Compassion isn’t something that comes naturally to kids. Just like sharing toys, it’s a learned behaviour, and the earlier kids learn it, the more caring they’ll be, not only in their formative years, but also as adults.

How do you teach kids to have compassion? As director of Chai Lifeline Canada, an organization that helps support families with children who suffer from serious illnesses, I frequently get asked this question. Here are three effective steps I have found to be helpful.

1. Build gratitude.

In order for kids to be compassionate, they must first learn to be grateful. A child who is aware of all the wonderful things in his life can recognize when someone else is lacking, and can then begin to develop empathy. In our world-of-plenty western culture, it can be difficult for kids to realize just how blessed they are. It’s up to parents to have regular conversations with their children early on to reinforce grateful thoughts and behaviour. Start by talking with your kids about what gratitude is, why it’s important and the role it plays in their lives — and present the concept of honouring parents as a perfect example.

Children need to be aware of the importance of being grateful to their parents for giving them life and taking care of all their needs. They should then be taught to show their appreciation — whether by helping with household chores, co-operating with their parents, or simply expressing thanks. Showing gratitude in this fundamental area of their life will ultimately spill over into all other areas.

2. Make it a family affair.

Kids learn best by doing, so find ways to demonstrate compassion as early as possible within your own family. Have older siblings or cousins help younger family members with homework, getting dressed or preparing breakfast, for example. Take your kids to visit sick friends or relatives, or grandparents living in a nursing home. If a family member is feeling under the weather, discuss how your kids can help them — from taking them meals in bed, to providing anything else they need. If feasible, consider getting a pet, no matter what kind. Even a pet fish can effectively teach kids compassion as they come to realize that the welfare of another being is in their hands. Compassion comes from a place of inequality, and the goal is for kids to appreciate all that they have and understand that there are those less fortunate who can use their help.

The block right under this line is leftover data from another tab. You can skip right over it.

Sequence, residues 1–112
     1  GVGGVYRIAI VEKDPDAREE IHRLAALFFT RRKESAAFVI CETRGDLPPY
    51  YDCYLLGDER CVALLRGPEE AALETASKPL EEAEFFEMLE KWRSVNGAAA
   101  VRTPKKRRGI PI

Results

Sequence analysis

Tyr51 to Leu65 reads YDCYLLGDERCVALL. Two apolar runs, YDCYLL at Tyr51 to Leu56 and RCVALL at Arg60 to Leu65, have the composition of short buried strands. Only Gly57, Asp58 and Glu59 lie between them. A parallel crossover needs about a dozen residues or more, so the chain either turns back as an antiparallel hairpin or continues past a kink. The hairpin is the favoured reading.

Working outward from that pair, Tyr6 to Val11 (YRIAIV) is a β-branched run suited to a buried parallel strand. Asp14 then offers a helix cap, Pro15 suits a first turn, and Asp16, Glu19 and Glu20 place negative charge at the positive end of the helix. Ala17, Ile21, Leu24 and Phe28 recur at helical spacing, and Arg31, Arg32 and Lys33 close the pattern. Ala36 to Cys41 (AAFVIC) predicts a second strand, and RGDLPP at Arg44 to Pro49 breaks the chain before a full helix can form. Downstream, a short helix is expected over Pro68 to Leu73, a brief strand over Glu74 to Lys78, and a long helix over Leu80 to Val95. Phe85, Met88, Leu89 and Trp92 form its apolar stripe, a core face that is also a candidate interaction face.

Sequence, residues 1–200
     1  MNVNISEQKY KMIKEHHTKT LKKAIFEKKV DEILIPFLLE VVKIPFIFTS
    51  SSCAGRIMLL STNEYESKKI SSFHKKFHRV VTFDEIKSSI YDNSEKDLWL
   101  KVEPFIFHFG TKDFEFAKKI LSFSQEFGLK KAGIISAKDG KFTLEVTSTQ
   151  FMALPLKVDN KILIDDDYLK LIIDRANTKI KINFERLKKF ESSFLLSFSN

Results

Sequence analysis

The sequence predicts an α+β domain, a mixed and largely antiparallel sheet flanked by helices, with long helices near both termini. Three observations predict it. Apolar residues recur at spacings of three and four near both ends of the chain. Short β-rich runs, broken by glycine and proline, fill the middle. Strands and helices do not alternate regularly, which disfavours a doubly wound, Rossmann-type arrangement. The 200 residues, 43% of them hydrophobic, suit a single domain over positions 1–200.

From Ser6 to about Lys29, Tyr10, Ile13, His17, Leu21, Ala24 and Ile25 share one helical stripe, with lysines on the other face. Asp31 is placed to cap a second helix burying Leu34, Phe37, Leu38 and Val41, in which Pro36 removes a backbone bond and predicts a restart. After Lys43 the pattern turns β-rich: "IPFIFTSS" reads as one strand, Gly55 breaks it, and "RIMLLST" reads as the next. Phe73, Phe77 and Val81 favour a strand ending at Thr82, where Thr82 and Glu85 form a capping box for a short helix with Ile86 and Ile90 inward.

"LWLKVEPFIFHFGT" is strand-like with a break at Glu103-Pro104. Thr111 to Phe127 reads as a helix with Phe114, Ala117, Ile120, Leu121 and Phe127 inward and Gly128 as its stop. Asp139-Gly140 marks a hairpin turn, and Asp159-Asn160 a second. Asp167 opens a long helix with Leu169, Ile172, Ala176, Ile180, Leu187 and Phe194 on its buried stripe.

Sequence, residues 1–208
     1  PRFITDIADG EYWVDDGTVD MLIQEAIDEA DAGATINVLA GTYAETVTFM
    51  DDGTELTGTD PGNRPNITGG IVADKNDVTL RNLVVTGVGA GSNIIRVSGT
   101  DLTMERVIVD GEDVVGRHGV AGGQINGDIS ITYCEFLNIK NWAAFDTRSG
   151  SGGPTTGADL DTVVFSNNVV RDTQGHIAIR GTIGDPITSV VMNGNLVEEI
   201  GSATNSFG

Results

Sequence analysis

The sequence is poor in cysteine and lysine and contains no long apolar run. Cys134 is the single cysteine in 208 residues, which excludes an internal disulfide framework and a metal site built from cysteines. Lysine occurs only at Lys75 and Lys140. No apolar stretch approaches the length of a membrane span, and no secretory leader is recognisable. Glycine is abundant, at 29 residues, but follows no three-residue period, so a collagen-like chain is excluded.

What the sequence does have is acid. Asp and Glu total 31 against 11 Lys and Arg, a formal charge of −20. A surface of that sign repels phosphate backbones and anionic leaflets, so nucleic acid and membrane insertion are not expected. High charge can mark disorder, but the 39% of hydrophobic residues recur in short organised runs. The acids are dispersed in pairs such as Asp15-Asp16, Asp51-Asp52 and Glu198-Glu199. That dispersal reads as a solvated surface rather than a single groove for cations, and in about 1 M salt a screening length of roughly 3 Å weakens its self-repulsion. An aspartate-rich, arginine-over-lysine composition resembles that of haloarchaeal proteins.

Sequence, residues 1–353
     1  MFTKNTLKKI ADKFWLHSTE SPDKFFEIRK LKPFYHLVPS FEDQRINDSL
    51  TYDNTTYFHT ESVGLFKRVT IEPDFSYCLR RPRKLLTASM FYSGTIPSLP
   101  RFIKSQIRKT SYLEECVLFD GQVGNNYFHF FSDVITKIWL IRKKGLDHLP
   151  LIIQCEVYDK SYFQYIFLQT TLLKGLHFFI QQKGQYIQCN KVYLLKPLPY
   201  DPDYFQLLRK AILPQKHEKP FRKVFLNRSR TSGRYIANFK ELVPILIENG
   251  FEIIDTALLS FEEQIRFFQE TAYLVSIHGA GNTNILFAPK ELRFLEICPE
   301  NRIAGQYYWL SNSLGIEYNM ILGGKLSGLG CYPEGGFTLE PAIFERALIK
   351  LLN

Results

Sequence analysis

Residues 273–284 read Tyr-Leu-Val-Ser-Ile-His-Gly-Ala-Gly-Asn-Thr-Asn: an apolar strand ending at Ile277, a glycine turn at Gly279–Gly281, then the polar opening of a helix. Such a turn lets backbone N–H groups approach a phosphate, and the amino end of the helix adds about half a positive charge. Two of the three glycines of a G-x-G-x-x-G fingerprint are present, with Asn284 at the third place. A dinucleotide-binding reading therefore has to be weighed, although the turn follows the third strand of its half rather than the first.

3. Look to the community.

With the concepts of gratitude and compassion firmly in place, it’s time to reach out beyond the family. Sit down with your kids and reflect on your own community to identify together where there are people who could use help. Perhaps there’s someone at school without a lunch, with whom your child can share a sandwich or snack, or another who can’t afford skates and would appreciate your child’s hand-me-downs. Maybe your local food bank or soup kitchen could use your family’s help from time to time, or the homeless person you pass daily on the way to school would appreciate a bagged lunch made by your child.

Consider incorporating charitable efforts into your kids’ lives through activities such as donating profits from lemonade stands, or a toy from their birthday gifts, to kids who are less fortunate. Organizations such as Chai Lifeline Canada have programs to help with this outreach, including sharing a birthday or special day with a child suffering from an illness, and putting together packages for children spending time in the hospital.

Open dialogue …

Throughout this process, the key is to continue having open dialogue about compassion with your kids and providing them with opportunities to practise it. At the end of the day, you will notice that not only will your children make others feel better, but they’ll also feel better about themselves.